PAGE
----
Webinar provides tips on combining funding sources to equitably mitigate learning loss

With funding already stretched thin and districts and county offices of education responsible for ensuring student learning and services continue during school closures — and now, planning how to address learning loss — administrators may be especially concerned with how to provide additional support to students who need it.

In a May 5 WestEd webinar, “Blending and Braiding Funds to Mitigate the Impact of COVID-19 on the Most Vulnerable Students,” experts highlighted ways to combine multiple federal, state and local funding streams to provide programs or initiatives aimed to support students and close achievement gaps exacerbated by the pandemic.

Jason Willis, WestEd director of strategy and performance, said that through recent waivers and other prior provisions, the U.S. Department of Education has shown a desire to advance a more flexible use of funds. One reissued fact sheet about transferability of funds, for example, now includes an appendix which addresses “where certain Title programs can be moved from one place to another,” he said.

States and local educational agencies should take advantage of this flexibility to blend or braid revenue from different sources to help ensure high-needs children are able to access the support services they need to thrive academically, Willis said.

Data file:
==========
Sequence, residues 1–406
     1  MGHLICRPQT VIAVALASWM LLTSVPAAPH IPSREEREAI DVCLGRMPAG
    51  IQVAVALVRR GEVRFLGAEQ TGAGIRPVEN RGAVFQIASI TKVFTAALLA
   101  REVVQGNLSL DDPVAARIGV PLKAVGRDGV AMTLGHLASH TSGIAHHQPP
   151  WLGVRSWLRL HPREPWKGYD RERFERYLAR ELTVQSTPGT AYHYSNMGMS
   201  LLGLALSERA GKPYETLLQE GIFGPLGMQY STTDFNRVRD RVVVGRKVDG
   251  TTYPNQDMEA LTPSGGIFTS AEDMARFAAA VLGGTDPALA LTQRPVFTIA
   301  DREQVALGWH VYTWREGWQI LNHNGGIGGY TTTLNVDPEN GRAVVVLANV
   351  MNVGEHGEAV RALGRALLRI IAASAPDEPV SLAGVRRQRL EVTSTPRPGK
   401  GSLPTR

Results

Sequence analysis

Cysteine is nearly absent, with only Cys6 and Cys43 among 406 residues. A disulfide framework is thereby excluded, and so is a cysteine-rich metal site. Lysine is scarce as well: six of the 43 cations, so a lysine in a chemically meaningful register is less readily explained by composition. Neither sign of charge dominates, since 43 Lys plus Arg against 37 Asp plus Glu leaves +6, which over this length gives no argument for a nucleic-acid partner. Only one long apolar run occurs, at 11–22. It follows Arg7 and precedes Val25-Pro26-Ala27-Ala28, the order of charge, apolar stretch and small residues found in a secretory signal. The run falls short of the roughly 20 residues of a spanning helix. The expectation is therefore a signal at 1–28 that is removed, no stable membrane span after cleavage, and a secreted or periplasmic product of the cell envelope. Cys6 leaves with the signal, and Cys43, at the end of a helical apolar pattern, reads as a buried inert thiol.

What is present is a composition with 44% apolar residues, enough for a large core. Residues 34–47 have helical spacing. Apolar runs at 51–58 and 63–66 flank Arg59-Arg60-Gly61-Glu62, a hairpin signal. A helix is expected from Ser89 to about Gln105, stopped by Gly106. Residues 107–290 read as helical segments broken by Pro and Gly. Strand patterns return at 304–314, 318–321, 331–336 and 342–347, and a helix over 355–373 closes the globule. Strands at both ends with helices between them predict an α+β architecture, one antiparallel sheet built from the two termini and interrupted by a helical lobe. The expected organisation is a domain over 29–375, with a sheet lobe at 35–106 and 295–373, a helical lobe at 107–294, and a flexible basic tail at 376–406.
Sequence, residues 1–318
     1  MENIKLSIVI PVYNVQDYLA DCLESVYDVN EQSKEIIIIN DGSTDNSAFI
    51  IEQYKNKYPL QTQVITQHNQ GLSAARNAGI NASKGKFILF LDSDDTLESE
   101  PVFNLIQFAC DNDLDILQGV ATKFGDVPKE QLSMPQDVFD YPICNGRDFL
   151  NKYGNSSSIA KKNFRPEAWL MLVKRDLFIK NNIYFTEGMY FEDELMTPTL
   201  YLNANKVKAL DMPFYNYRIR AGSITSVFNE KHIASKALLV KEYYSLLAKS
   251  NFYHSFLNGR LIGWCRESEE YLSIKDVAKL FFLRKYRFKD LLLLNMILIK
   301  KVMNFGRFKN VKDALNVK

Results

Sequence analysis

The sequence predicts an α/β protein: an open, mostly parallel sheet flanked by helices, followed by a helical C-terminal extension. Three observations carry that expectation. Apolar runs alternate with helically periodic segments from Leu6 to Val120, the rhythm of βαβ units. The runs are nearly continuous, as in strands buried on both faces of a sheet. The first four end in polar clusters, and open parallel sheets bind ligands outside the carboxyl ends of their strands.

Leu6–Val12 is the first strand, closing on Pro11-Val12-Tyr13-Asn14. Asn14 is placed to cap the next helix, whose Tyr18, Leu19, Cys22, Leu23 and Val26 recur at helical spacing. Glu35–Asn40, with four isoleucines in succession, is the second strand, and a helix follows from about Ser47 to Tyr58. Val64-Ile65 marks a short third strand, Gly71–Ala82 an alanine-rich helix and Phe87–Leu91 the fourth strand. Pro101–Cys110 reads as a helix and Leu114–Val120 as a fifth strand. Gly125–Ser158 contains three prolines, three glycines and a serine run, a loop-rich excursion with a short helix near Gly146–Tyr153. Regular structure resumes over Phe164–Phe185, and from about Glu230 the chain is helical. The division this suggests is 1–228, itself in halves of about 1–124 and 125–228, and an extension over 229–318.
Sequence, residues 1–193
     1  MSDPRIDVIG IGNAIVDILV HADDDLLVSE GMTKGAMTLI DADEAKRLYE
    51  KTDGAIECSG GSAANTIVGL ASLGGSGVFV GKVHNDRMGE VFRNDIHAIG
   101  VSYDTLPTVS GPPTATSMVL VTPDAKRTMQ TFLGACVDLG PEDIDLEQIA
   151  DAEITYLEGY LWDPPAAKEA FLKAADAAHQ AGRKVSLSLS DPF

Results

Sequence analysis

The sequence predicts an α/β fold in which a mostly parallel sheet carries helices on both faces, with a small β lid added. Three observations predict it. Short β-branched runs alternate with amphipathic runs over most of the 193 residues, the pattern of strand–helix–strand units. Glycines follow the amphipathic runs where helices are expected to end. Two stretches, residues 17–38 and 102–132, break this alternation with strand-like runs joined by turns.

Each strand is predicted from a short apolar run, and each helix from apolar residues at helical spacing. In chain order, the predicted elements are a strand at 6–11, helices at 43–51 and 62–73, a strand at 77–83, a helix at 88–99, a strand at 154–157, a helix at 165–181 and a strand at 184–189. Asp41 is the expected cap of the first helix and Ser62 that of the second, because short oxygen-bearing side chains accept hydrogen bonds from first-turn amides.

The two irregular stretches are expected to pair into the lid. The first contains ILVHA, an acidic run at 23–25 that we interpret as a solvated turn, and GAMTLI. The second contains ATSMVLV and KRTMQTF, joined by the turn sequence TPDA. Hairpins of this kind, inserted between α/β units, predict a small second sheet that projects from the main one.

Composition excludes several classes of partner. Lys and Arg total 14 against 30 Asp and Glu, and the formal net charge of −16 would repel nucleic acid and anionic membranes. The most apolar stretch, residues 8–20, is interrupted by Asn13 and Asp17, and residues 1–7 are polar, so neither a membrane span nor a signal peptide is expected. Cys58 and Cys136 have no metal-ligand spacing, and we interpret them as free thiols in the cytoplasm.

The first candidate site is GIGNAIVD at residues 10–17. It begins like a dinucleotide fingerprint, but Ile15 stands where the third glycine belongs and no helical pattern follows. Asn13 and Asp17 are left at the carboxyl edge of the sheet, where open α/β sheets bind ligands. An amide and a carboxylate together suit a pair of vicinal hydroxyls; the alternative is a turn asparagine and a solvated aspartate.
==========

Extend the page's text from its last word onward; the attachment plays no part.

“The federal government really is pushing and opening up opportunities for schools and school districts to think about the braiding and blending of these funds in a way that really is going to meet your local needs in this extraordinary time that we’re living in,” Willis said. “What the opportunity that blending and braiding offers is the chance to rethink the allocation of resources without as many constraints as we might have once perceived were really there.”

Braiding funds refers to directing different funding streams toward one purpose. Braiding is beneficial for LEAs that need to distinguish individual funding streams for eligibility and reporting purposes, Willis said. Blending, or consolidating revenue into one funding stream, can be easier to manage for some.

Regardless of how LEAs coordinate their funds, doing so can help better serve students with complex needs by providing access to streamlined services rather than services from multiple programs and reducing the duplication of resources.

It’s important that schools conduct a needs assessment to determine how funding can best be used to improve achievement among children experiencing homelessness, English learners, migrant youth, students with disabilities and others who may have needs for support above and beyond traditional services. Just as important is identifying students who have multiple needs, such as an English learner who also has a disability, or a homeless youth who is also a migrant student.

Assessing needs will be especially important as students begin to return to classrooms following the abrupt shift to distance learning and the learning loss children are projected to experience as a result. Researchers predict that the impact of COVID-19 closures will disproportionately affect underserved students and widen opportunity and achievement gaps, just as the “summer slide” often does, but to an even greater extent.

Find slides from the WestEd webinar as well as other resources here.